Minority and low-income communities missing out on COVID-19 vaccine rollout in Oklahoma cities

  • State and local health officials say they are working on ways to reach out to minority and lower-income communities when it comes to COVID vaccine distribution.
  • FOX23 asked the Oklahoma State Department of Health and the Tulsa Health Department about people with difficulties accessing the state’s website or multiple vaccine distribution points because they don’t have the means to travel or even understand what they’re looking at the state’s vaccine web portal.
  • OSDH said it is working on a Spanish version of the vaccine portal that will debut in a week or two, and the desire to just get the ball rolling on vaccinating people is what was behind English being the only language available at first.
  • THD said it understands there are people who do not have the means to travel to its distribution site at the Tulsa Fairgrounds, and those who qualify for the vaccines who primarily speak Spanish, Zomi, and Burmese may not understand any vaccine information out there at all.
  • THD Director Dr. Bruce Dart said THD will have to partner with churches in minority communities and hold vaccine clinics with them because many minority and low-income communities are very religious and the church is the best way they access what’s going on in the community and information that impacts their lives.
  • This story is a FOX23 Tulsa Gets Real story. When FOX23 labels a story as part of our Tulsa Gets Real coverage, viewers should realize that FOX23 is committed to carrying out coverage of news that matters on topics that can often be difficult to talk about but easy to ignore. This is a way of shining a light on real problems in the community that need addressing.

TULSA, Okla. — State and local health leaders feel minority and low-income communities have largely been ignored in the roll-out of the COVID-19 vaccine in Oklahoma.

FOX23 asked leaders at the Oklahoma State Department of Health and the Tulsa Health Department about efforts to get minority and low-income communities access to the vaccine, and we were told they acknowledge that the website is only in English and some do not have the means to travel to a distribution site.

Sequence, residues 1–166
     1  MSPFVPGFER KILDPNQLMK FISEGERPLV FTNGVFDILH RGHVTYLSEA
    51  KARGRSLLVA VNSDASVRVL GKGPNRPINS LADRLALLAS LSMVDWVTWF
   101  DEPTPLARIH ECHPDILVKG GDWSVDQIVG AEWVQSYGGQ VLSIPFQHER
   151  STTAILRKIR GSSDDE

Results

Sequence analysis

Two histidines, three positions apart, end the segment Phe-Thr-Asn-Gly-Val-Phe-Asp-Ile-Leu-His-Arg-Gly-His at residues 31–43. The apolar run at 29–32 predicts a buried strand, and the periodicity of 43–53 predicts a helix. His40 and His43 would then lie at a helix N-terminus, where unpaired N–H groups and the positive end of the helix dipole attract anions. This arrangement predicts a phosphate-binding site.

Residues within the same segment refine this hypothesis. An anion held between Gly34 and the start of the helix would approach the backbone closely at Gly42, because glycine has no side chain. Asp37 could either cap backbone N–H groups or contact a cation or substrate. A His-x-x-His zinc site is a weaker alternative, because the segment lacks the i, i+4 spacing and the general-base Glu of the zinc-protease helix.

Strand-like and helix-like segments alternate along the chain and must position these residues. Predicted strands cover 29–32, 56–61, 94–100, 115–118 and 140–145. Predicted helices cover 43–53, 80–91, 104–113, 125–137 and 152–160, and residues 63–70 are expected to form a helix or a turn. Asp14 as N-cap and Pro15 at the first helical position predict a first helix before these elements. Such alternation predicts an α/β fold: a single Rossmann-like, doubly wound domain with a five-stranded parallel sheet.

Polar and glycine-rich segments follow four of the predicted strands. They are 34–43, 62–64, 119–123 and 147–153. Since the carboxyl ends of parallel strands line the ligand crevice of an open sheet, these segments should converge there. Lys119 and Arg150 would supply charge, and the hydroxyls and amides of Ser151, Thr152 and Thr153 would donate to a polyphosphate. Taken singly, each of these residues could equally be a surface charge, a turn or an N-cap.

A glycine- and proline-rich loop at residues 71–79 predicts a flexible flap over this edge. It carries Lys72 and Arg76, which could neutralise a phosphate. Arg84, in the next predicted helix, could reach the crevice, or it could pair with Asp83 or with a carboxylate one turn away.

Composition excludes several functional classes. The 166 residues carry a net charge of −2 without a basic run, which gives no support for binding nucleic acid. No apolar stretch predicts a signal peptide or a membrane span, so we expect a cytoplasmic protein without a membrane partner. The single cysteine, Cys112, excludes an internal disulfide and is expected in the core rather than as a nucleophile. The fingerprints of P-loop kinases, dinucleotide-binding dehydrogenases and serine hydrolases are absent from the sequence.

“It’s something we are looking at because we know those people are falling behind,” said THD Director Dr. Bruce Dart about Tulsa’s Black and Latino communities not being located near the current Tulsa County vaccine distribution site.

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Dart said THD wants people in those communities and those who don’t have the means to travel far from their homes to have access to the vaccine because COVID-19 is impacting that part of the population the most because of a lack of access to health care and regular medical services outside of an urgent care clinic. The lack of health care problem is only compounded by the lack of access to the vaccine that can help them.

“We know many of these communities are very religious, and so we are looking at partnering with churches as not just distribution points, but also places where we can education people about the vaccine,” Dart said.

“We know in these communities there is heavy skepticism about the vaccine, and some don’t understand how the vaccine works at all,” he said.

Dart said currently on the table is a mix of community meetings and vaccine clinics at Tulsa area churches that have heavy minority populations and are in low-income areas of north and east Tulsa. In order to reach even more people who may not be connected to a local church, THD is preparing to roll out its caring vans to set up mobile clinics when there is enough vaccine to do so.

On the state level, the primary problem has been the vaccine portal website. When it rolled out, it was and currently remains only in the English language and no alternative options.

“We needed to get people signed up and get the vaccine out as soon as we could, and so we just decided that we’d work on other languages a bit later, but that was a few weeks ago,” Oklahoma Deputy Health Commissioner Keith Reed said.

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Reed said OSDH is working on getting a Spanish version of the website available and understands many primarily Spanish speakers have been calling into 211 for registration because they don’t understand what they’re looking at when they log on.

He said a Spanish version should roll out in the next week or two if everything goes according to plan.

In Tulsa, there is the additional problem of there being a large group of people who speak Burmese or Zomi, and THD said they will have to take a similar approach to them as they will Black and Latino community members when it comes to information presentation and actual vaccine distribution.